Memorial Day: Bits Flashback for May 30

Always Faithful, Doberman, Military Working Dog, MWD, World War II Memorial, War Dog Cemetery located on Navel Base GuamIn honor of Memorial Day, I wanted to point back to an entry I wrote last October on writing about photos. The image I used to illustrate it was the one that came to mind when I thought about Memorial Day this year.

Look back to that entry for some ideas for writing or discussion, and for more ideas for the classroom or professional development, look back to these Bedford Bits posts from last week:

A Few Extra Links

Let us know what you want to know about teaching writing or about using digital tools in the composition classroom by leaving a comment. Your response will help shape upcoming posts.

[Photo: Always Faithful, Doberman, Military Working Dog, MWD, World War II Memorial, War Dog Cemetery located on Navel Base Guam by Beverly & Pack, on Flickr]

Graduations: Bits Flashback for May 16

Lightning!! A severe thunderstorm brought graduation ceremonies at Virginia Tech to an abrupt and very early conclusion here in Blacksburg on Friday night. The keynote speaker never even made it to the podium. Fortunately, students were able to pick up their diplomas on Saturday morning during college and departmental ceremonies. It may not have been the original plan, but everything worked out.

As you reach the end of the term where you teach, I hope the ceremonies and celebrations go well (even if they aren’t what you originally expect them to be). As move on to the second half of the month, take a few minutes to check out these Bedford Bits posts from last week:

  • Now that testing is finished for the year, High School Bits blogger Jesse Tangen-Mills shares some classroom activities that work well for Treating Post-Test Syndrome
  • Andrea Lunsford argues that Texting IS Writing, and that we need to pay very close attention to it and learn from our students how they use this new way to communicate.
  • Mary Tripp discusses Self-Efficacy in the WAW Classroom: Preliminary Research Results. Her report includes interesting student visualizations of themselves as writers.
  • Want to create a super-mobile, super-light virtual classroom? Barclay Barrios describes the system he is adopting for his class this summer in Twitter Me This.
  • Are students doing Long Writing vs. Hard Writing? Traci Gardner explains the difference (and why it matters).
  • Nancy Sommers reflects on her year of teaching and shares some plans for the summer in Looking Back, Looking Forward.
  • Susan Naomi Bernstein reminds students what is important to them—where they come from, what and whom they love, why they have succeeded in the past—in Writing Beyond Stereotypes.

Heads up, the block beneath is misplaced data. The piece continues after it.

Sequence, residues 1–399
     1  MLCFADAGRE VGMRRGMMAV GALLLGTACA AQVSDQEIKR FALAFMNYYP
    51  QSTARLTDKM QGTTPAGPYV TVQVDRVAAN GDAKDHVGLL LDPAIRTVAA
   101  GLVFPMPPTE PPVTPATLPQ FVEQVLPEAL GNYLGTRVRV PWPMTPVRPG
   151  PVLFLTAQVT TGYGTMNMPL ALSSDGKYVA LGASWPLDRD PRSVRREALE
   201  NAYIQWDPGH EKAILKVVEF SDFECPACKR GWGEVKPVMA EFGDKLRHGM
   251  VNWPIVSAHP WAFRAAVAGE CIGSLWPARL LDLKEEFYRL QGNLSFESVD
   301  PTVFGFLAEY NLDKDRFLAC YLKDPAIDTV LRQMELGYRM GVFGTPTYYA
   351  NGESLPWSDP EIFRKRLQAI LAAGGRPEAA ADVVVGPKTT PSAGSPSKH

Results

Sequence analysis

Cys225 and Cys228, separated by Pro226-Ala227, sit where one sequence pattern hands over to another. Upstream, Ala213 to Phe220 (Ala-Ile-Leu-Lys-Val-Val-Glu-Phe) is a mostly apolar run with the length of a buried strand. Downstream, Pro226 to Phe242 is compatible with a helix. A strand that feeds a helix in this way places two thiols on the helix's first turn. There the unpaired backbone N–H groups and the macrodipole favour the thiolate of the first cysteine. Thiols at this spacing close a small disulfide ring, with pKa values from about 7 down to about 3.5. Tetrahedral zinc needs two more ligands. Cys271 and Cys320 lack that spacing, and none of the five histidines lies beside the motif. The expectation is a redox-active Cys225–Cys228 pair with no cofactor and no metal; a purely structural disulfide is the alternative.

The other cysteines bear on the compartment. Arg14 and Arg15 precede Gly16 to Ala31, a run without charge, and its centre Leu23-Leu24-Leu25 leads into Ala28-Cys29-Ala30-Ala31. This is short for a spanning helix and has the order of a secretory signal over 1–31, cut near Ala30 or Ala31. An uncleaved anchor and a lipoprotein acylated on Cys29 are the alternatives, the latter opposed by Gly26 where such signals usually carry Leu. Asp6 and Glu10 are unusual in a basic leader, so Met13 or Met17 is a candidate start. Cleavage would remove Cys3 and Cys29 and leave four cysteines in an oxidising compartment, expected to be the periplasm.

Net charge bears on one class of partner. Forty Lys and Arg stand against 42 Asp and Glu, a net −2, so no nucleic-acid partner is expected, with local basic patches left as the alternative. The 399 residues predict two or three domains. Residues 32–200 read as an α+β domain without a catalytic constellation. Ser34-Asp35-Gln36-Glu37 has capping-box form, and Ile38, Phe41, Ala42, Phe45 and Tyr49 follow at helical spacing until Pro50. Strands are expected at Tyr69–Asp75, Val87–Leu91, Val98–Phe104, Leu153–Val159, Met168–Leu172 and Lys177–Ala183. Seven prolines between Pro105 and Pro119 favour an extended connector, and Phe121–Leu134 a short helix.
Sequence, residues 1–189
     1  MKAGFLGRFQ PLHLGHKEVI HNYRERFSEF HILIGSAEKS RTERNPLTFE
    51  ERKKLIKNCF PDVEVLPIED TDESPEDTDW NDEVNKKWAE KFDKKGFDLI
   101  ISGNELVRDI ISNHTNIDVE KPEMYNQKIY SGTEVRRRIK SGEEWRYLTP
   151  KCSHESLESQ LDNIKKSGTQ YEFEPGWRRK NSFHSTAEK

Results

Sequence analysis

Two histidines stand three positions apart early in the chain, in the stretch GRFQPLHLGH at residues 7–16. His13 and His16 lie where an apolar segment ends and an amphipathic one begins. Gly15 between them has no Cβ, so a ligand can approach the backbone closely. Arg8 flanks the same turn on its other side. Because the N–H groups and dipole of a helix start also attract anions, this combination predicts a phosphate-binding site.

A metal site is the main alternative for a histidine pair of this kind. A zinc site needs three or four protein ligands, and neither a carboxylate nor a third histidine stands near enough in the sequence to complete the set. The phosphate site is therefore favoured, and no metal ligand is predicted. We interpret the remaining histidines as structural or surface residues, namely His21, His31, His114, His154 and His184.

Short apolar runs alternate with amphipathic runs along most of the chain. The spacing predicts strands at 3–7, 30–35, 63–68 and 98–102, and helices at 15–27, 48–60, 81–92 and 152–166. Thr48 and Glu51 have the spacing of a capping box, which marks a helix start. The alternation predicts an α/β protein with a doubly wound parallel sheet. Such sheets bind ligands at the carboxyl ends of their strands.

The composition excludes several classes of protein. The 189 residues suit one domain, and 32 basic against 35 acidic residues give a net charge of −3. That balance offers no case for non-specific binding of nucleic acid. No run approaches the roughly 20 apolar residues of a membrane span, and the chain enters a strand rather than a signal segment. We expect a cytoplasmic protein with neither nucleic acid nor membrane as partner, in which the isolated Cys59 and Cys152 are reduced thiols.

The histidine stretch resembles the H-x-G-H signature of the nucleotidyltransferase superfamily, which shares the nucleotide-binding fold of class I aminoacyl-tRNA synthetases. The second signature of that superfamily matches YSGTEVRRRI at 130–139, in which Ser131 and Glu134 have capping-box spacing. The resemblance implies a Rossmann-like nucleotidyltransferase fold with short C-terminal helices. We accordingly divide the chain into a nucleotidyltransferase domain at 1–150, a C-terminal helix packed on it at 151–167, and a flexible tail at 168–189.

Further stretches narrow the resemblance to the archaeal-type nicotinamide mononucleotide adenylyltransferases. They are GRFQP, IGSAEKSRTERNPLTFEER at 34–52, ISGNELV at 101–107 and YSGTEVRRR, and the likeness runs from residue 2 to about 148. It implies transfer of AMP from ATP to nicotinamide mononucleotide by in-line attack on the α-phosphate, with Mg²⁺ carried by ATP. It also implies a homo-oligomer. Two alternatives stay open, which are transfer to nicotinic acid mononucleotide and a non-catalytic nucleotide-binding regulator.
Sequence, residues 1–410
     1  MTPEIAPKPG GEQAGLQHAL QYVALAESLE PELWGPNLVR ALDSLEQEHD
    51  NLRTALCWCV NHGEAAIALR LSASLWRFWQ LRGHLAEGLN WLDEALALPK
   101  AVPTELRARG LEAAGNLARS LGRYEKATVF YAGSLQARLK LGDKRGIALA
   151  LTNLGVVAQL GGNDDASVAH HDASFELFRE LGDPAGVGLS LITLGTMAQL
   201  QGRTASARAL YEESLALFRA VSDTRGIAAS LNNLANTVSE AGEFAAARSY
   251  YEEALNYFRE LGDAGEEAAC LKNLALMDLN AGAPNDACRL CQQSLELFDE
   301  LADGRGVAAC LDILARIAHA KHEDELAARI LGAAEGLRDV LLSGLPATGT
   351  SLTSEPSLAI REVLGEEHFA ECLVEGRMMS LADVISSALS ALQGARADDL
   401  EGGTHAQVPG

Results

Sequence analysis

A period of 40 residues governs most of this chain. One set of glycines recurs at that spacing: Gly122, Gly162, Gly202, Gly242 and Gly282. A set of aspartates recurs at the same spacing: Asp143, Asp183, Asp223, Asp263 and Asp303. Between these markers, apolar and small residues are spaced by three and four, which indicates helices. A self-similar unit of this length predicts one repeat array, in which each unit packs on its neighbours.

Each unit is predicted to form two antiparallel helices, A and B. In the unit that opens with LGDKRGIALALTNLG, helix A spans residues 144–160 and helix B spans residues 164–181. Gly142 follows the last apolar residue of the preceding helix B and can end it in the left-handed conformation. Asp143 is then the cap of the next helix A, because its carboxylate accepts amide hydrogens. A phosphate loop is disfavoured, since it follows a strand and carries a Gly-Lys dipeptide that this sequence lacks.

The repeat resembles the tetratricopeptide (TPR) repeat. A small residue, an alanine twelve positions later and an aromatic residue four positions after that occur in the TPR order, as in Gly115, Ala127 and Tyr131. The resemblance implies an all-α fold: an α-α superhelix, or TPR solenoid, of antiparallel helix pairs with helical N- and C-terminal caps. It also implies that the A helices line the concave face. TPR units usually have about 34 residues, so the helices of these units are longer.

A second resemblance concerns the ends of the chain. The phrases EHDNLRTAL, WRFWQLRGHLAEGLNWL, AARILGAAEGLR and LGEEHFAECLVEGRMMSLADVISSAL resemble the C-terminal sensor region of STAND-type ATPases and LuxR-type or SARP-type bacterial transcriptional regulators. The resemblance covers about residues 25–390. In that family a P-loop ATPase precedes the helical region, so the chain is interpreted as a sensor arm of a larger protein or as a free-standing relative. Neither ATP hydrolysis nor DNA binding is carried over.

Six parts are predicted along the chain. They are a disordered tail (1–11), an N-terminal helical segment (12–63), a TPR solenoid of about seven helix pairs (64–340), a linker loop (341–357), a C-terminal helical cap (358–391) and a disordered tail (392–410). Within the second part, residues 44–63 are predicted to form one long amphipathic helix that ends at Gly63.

A Few Extra Links

Let us know what you want to know about teaching writing or about using digital tools in the composition classroom by leaving a comment. Your response will help shape upcoming posts.


[Photo: Lightning!! by aresauburnâ„¢, on Flickr]

Bits Flashback for May 2

Day 4: Truffle sleeping on the job again (and browsing!Did you stay up late last night watching the developing news (or maybe grading papers)? If so, it’s possible “Parts of your brain could be sleeping right now,” according to a recent study.

The NIH-funded study of the brain activity in rats found that “if you deprive them of sleep (aah, sleep), parts of their brains take a nap anyway. Even though they appear awake and active, brainwave measures show that scattered groups of neurons in the cortex are nodding off on their own.” Okay, so there may be questions about the research that readers bring up in the comments, but if you need an excuse for not getting enough done today, it’s a handy study to be able to mention.

Before you head off for a nap though, head on over to Bedford Bits for classroom activities and teaching strategies, which were posted last week:

A Few Extra Links

Let us know what you want to know about teaching writing or about using digital tools in the composition classroom by leaving a comment. Your response will help shape upcoming posts.


[Photo: Day 4: Truffle sleeping on the job again (and browsing! by star5112, on Flickr]

Bits Flashback for April 24

Bunny RabbitI have a weakness for bunny rabbits. I encourage them to visit my yard and exclaim happily when they comply. Not so for the folks at Long Beach City College. Their campus was so overrun with cute, fluffy-tailed bunnies that they embarked on a bunny-reduction campaign. The campus is now down to 70 bunnies from an all-time high of 300 rabbits, according to the head of the college’s Rabbit Population Management Task Force.

You think I’m making this all up, don’t you? That’s why I think it would make the beginning of some interesting classroom projects. How do you write about “Rabbit Population Management” persuasively? What strategies will convince readers to take your story seriously? How would you talk about the project with students, faculty, staff, and the public? This one little story from the Chronicle of Higher Ed has so many possibilities for discussing persuasion, business reports, and technical writing!

If you’re looking for other classroom activities and teaching strategies, hop on over to Bedford Bits for more on these entries, which were posted last week:

  • Holly Pappas considers the many concerns teachers face when they assign the personal narrative and wonders how teachers can best respond when students write about intimate or painful topics in The Trauma Narrative.
  • Andrea Lunsford describes the peer tutoring program at Stanford in Writing Tutors Save the World!
  • Jack Solomon explains why educating students about the complex operations of social class is one of our most important tasks in the teaching of cultural studies in The Middle Class Goes to the Movies.